The Sterling and Francine Clark Art Institute is one of the most prestigious art museums I've ever had the pleasure of experiencing. Set back in historic Williamstown, the Clark offers more than just a walk through the art.
While construction on the new $170 million expansion continues, said to be completed by July, the people at the Clark continue to create an ambiance around the facility, hosting myriad events celebrating the works of famous artists and recognizing the people who have donated time and funds to the institute.
Most recently, the Clark held a summer clambake to celebrate the opening of "Winslow Homer: Making Art, Making History" and "George Inness: Gifts from Frank and Katherine Martucci."
Upon arrival, I was greeted by a "beach" just outside the entrance, where three silver-painted ladies silently moved and danced around the patrons, who relaxed on beach chairs underneath an umbrella.
In the sweeping open entrance, the Clark had set up several hors d'oeuvres tables that included raw oysters on the half shell, clams, and several chips and dips to try. The space was decorated in a seaside theme, with seashells and dried starfish circling the candles in the center of the high-top tables.
Though tickets were steep ($125 for non-members, $100 for members) it was well worth the expense. The exhibition galleries were open for viewing, and bartenders never stopped a stream of red and white wine, sangria and beer -- all courtesy of the Clark.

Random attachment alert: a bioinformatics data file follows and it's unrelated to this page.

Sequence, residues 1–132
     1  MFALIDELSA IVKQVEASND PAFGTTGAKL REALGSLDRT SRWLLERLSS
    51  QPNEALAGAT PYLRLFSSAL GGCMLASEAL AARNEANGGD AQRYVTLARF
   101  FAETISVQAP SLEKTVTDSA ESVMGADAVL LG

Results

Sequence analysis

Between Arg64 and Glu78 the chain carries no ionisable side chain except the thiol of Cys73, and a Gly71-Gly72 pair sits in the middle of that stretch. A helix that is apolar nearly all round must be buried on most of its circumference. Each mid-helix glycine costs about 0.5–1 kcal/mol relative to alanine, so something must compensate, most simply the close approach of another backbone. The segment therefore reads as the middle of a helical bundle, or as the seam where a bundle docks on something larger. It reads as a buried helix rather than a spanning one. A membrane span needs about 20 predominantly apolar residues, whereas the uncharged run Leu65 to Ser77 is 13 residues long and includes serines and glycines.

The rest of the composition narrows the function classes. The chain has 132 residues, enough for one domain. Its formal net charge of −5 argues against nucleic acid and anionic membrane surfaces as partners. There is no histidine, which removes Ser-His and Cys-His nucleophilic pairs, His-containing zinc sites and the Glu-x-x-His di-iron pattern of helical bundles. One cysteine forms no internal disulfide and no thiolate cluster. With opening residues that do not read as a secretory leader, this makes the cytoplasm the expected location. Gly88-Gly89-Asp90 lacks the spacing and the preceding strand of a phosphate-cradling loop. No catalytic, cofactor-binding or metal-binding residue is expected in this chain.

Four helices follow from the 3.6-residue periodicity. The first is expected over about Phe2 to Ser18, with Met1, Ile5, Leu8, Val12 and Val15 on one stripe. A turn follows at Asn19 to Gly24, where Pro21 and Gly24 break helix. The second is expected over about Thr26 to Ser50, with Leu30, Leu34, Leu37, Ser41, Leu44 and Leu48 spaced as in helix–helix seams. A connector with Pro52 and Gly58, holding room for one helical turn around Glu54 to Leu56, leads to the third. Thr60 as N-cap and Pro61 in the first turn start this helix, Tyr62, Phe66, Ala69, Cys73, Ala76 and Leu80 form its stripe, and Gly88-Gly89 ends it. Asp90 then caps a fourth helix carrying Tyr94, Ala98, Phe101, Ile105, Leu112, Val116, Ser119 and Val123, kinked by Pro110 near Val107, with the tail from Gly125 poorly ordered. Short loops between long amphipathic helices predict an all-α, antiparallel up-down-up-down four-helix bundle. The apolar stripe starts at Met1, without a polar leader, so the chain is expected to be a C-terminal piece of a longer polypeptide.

And if you still think the price is too much, let's talk about dinner.
Once we moved from the main entrance down a path to fire pits and a large white tent, the smell of salt and seafood wafted in the air, enticing the nostrils the closer you got.
Stopping at the several open flames to watch the three silver women, I made my way into the looming tent.
A multitude of tables had been set up, and hundreds of people sat and ate one of the most spectacularly catered dinners I've ever had. Along with green beans and potatoes, servers came around each table and plopped a whole lobster on the plate. They had made up sand pails filled with a claw cracker, a bib, napkins, a cookie and directions on how to eat a lobster. And there were two bottles of wine at each table to boot.
While meeting some of the nicest Washington, D.C. folks, who graciously let my guest and I have the bottle of red wine and told us their stories, the Wandering Rocks, of Williamstown, performed on a stage in the front of the tent. Sea shanties abounding, couples danced to the heart-pumping beats after dinner before taking their souvenir pails home.
The Clark has a few special events like this clambake throughout the year. It also hold lectures, brunches and much more.
If you're looking for a fancier way to spend your early eve-ning, check out www.clark art.edu to see when the next special event is and plan for a night filled with classic art, food, libations and some very interesting people.If you go ...